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Joshua Tanon

College: Borough of Manhattan Community College
Awards: Phi Theta Kappa, ; Dean's List, ; CRSP Scholar,


One day, when humans travel to Mars, they may explore the planet with a remote-controlled glider bearing sensors designed by Joshua Tanon (Borough of Manhattan Community College, A.S., Engineering Science '15).

During a 2015 NASA aerospace engineering internship at Edwards Air Force Base in California, Tanon will join a team of top-flight college students to create those sensors and prepare them to fly by the end of the summer.

Why a glider? Mars' atmosphere is less than 1 percent as dense as Earth's and engines are heavy. A superlight, unpowered aircraft with a wide wingspan could generate enough lift to ride Mars' faint air currents.

Why Joshua Tanon? "As a kid, I used to lie in the backyard watching planes and hoping they'd land in my backyard," he says. "In high school, I got this ambition to become a fighter pilot from a video game" - a dream that hasn't gone away. "I have a passion for wanting to serve. If I can't fly planes, learning about aerospace engineering would allow me to fix them."

After graduating from Bronx Community High School, Tanon enrolled at Vaughn College of Aeronautics and Technology in Queens. In 16 months he graduated licensed to maintain aircraft and their engines. "I learned the ins and outs of aircraft - body, engines, the differences between turbojet and reciprocating engines and how to fix both. I liked working with my hands and seeing how things work." He worked a stint as an aircraft mechanic.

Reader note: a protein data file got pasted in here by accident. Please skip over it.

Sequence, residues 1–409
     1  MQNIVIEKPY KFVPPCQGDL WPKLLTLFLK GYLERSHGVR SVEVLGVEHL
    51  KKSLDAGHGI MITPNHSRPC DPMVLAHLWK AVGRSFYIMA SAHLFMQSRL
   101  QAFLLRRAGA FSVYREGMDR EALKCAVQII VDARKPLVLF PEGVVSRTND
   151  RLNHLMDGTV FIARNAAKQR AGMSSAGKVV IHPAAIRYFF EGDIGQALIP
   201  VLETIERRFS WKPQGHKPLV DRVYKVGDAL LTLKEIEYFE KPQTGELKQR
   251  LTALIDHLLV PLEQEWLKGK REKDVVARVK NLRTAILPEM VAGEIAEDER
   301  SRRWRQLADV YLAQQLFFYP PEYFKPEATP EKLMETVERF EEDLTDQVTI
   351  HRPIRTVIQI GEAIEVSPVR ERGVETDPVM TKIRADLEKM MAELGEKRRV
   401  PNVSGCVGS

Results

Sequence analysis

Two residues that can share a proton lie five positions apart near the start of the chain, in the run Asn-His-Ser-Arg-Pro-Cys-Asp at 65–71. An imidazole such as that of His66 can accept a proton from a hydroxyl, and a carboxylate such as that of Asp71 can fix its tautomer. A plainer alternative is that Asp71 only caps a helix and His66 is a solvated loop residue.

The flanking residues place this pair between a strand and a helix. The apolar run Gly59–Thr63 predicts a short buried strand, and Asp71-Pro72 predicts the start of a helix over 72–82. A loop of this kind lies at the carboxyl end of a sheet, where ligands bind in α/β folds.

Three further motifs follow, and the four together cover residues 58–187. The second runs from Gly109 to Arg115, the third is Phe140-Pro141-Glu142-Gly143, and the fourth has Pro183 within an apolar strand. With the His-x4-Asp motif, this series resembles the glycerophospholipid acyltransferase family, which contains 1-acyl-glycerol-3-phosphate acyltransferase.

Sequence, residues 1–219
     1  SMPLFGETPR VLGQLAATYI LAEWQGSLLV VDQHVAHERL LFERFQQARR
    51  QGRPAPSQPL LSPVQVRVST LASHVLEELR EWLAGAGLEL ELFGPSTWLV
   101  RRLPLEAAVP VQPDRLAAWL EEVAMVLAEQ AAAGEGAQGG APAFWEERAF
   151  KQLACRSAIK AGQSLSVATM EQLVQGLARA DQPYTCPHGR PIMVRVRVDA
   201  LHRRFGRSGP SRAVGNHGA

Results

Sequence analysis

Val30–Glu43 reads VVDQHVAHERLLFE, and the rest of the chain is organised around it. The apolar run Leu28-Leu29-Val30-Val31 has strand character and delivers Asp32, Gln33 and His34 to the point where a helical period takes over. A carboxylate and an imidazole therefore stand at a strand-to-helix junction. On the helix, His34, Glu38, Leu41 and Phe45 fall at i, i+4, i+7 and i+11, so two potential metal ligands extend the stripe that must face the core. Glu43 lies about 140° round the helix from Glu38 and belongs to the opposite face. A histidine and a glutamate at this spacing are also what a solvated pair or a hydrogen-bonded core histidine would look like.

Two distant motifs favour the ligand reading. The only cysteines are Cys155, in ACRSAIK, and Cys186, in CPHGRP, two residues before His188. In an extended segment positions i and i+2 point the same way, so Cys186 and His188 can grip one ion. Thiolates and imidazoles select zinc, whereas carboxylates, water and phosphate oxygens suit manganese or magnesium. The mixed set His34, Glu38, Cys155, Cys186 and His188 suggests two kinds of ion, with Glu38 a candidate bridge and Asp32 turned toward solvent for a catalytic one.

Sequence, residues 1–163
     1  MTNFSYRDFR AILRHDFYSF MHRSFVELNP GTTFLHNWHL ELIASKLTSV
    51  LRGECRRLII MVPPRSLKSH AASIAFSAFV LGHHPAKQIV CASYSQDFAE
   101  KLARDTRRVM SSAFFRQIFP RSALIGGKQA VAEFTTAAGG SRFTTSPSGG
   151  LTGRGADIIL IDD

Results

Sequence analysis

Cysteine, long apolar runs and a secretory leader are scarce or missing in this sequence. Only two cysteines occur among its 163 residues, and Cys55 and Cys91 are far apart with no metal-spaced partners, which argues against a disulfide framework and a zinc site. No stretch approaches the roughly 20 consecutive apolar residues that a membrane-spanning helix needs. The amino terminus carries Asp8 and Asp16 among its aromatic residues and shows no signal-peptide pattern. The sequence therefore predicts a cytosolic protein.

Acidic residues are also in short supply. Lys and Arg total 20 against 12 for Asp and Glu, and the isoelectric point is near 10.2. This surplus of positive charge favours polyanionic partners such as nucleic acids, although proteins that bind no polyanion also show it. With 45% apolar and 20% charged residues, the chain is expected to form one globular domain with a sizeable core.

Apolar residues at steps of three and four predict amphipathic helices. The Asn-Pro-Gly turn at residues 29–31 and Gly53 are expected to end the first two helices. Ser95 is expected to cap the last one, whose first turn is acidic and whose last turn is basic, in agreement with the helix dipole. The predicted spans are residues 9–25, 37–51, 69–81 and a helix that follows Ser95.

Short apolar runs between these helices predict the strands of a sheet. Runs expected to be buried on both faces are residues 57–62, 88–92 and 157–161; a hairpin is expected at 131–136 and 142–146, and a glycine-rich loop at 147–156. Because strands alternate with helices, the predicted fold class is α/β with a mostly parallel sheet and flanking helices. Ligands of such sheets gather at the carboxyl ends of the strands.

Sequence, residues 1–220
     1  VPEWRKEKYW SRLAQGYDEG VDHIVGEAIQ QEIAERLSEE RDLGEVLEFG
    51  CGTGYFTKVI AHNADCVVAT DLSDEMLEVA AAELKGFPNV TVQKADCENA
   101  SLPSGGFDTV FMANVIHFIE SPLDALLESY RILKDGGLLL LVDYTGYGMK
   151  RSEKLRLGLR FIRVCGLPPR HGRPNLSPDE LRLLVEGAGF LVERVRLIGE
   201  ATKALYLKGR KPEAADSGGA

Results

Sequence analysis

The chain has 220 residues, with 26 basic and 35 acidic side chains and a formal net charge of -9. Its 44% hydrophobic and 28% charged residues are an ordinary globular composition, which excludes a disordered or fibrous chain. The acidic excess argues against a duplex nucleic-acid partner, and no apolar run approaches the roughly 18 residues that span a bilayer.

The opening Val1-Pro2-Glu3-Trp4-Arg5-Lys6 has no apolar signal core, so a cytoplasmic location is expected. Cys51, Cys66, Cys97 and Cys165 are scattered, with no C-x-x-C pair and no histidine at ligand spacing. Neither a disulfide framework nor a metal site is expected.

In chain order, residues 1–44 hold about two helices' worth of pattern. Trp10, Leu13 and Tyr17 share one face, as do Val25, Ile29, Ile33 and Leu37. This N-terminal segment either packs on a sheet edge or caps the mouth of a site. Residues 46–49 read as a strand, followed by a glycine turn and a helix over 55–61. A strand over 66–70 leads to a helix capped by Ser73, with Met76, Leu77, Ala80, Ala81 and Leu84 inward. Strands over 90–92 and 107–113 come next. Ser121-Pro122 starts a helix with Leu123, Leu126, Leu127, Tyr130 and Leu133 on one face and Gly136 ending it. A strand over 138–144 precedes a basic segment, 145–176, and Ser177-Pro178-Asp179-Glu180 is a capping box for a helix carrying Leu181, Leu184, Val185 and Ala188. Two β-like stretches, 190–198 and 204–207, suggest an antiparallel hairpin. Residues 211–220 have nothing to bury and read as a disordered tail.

But there was more to learn. In Fall 2012 Tanon enrolled in BMCC's engineering science program and, soon after, in Accelerated Study in Associate Programs, or ASAP, a CUNY initiative that helps community college students earn degrees faster than usual. "My ASAP advisor was there very step of the way - a very personal connection that had me graduate on time," he says.

Tanon studied mechanical structures like bridges, buildings, cars and, of course, planes. "BMCC gave me a theoretical approach to everything in engineering," he says. He also became president of the Physics and Nanotechnology Club on his way to becoming a Phi Theta Kappa scholar.

He intends to earn his bachelor’s degree at the University of Michigan in Ann Arbor.

"Without ASAP, I don't believe I would have applied to top engineering schools nor NASA," he says. "As an ASAP student leader, I show students the door. My story is a testament to what ASAP did once I walked through that door."

The NASA internship runs for 10 weeks and, when Tanon boards the airplane for the trip to California, he'll be making his first flight after years of dreaming of being aloft. With a laugh, he says, "That's pretty shocking, considering my ambitions."